EPSTEIN: There are press reports…they were asked about that at the press conference and they didn’t get an answer so I can’t add or take away from that. Mark Dreyfus is the Shadow Attorney-General. Mark Dreyfus, Labor late last week passed a version of laws that will try to get our security agencies access to encrypted apps. So where people are using something like WhatsApp or Signal or even just an iMessage as a replacement for a text message on their iPhone. Our security agencies might get access to it. Do you think that this law targets my phone provider – so if I’ve got an account with Optus – is this obliging Optus to help the security agencies? Or is this obliging people who make the phones and the apps?
 
DREYFUS: Both, Raf. Let’s be clear. Unfortunately the case has been that there’s been a great deal of misinformation about this law. But it’s a general power right across all of the telecommunications industry so it’s not just the people who make apps, it’s the people who make devices. But no-one should think that it is going to  suddenly give police or security agencies the power to get content that they can’t now ask for without a warrant. They have to get a warrant. And what this is about is dealing with the fact that increasingly all communications – not just those of criminals but all communications are now encrypted.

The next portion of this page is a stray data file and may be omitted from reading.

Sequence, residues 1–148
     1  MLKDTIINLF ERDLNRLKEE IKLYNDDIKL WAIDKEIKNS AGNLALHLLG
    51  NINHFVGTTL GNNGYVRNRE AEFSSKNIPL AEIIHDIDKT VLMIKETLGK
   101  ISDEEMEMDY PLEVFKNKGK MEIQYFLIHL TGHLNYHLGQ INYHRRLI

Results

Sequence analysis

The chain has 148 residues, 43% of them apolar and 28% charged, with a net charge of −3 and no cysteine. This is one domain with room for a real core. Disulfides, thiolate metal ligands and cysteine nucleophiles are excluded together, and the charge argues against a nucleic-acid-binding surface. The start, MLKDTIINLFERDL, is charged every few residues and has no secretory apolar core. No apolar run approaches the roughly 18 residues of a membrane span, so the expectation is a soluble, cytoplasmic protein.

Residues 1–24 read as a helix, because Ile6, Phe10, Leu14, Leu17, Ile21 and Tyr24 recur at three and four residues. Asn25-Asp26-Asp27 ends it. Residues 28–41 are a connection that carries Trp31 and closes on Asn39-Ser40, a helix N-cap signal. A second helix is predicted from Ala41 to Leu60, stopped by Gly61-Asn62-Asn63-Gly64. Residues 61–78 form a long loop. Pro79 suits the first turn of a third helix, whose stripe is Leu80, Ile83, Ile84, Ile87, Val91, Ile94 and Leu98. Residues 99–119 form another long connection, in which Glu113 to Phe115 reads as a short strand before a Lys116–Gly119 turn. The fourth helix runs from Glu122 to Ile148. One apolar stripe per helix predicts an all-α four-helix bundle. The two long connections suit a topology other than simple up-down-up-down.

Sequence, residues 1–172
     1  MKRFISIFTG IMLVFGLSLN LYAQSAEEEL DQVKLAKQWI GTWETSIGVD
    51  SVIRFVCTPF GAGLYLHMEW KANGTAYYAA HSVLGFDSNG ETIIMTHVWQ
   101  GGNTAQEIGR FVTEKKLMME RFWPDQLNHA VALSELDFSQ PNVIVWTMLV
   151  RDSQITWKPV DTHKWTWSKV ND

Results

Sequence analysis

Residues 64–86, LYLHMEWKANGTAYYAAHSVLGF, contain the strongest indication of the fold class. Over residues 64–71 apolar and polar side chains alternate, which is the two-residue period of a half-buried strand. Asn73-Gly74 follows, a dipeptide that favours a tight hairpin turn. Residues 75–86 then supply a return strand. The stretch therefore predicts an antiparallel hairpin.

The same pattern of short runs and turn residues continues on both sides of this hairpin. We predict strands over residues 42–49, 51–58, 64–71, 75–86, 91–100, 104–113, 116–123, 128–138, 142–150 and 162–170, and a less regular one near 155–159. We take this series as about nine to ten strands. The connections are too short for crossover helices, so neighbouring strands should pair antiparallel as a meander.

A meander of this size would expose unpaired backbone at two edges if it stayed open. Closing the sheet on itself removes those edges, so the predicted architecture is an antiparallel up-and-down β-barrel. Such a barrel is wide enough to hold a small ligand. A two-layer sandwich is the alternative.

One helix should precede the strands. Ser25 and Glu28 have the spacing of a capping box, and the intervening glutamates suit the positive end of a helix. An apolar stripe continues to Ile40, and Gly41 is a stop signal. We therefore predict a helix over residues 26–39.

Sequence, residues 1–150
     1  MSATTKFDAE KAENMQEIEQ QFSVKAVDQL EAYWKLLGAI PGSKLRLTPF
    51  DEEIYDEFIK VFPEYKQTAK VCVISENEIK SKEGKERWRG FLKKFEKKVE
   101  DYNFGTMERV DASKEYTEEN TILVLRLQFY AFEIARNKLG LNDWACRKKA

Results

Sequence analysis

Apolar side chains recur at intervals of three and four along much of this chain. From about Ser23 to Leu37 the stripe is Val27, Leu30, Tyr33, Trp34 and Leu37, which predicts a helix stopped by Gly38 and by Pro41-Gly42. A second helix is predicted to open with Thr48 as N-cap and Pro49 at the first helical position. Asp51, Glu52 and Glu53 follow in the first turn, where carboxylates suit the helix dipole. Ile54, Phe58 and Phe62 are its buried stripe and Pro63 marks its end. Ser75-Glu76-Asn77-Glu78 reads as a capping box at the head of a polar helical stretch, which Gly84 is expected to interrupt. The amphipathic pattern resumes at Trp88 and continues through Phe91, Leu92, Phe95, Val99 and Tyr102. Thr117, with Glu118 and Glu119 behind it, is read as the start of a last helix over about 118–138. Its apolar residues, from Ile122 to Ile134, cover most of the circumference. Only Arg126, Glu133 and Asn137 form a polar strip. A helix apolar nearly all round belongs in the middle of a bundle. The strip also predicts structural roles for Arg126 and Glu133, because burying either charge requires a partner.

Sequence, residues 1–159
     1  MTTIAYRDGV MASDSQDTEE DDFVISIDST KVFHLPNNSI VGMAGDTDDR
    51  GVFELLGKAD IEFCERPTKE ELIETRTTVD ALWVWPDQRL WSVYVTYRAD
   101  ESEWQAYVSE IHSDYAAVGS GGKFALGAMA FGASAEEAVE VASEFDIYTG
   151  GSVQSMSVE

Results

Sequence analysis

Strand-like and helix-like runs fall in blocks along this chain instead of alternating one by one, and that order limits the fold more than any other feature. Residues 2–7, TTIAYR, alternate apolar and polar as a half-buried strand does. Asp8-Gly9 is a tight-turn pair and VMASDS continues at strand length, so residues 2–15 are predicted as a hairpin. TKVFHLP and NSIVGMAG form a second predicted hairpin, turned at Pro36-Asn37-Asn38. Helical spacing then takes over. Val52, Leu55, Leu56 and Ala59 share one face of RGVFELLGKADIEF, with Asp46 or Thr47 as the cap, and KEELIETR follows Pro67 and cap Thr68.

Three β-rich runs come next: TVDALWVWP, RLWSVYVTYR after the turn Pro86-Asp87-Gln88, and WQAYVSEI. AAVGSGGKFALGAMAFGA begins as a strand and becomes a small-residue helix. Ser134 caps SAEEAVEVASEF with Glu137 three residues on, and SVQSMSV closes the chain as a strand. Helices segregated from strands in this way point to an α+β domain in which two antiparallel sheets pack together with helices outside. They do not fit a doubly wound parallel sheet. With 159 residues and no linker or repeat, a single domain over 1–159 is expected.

EPSTEIN: But is that actually going to work? How on earth are you going to force someone who  makes my phone, or the people who design WhatsApp, how on earth is Australia’s government going to force them to give access?
 
DREYFUS: I think what’s hoped Raf is that there is going to be a process of negotiation which is why there’s a layered approach where first of all, police or ASIO can ask – it’s  a voluntary assistance request – they can ask a telecommunications provider to help them…
 
EPSTEIN: They’ll just tell you to go away won’t they, I mean Telstra won’t tell you to go away but Apple and Facebook will tell you just to rack off won’t they?
 
DREYFUS: Well let’s see because this is something the United Kingdom government legislated for in 2016. They’ve been working with telecommunications providers. And it’s partly based on the experience in the UK that I say that it’s likely to be a process of negotiation.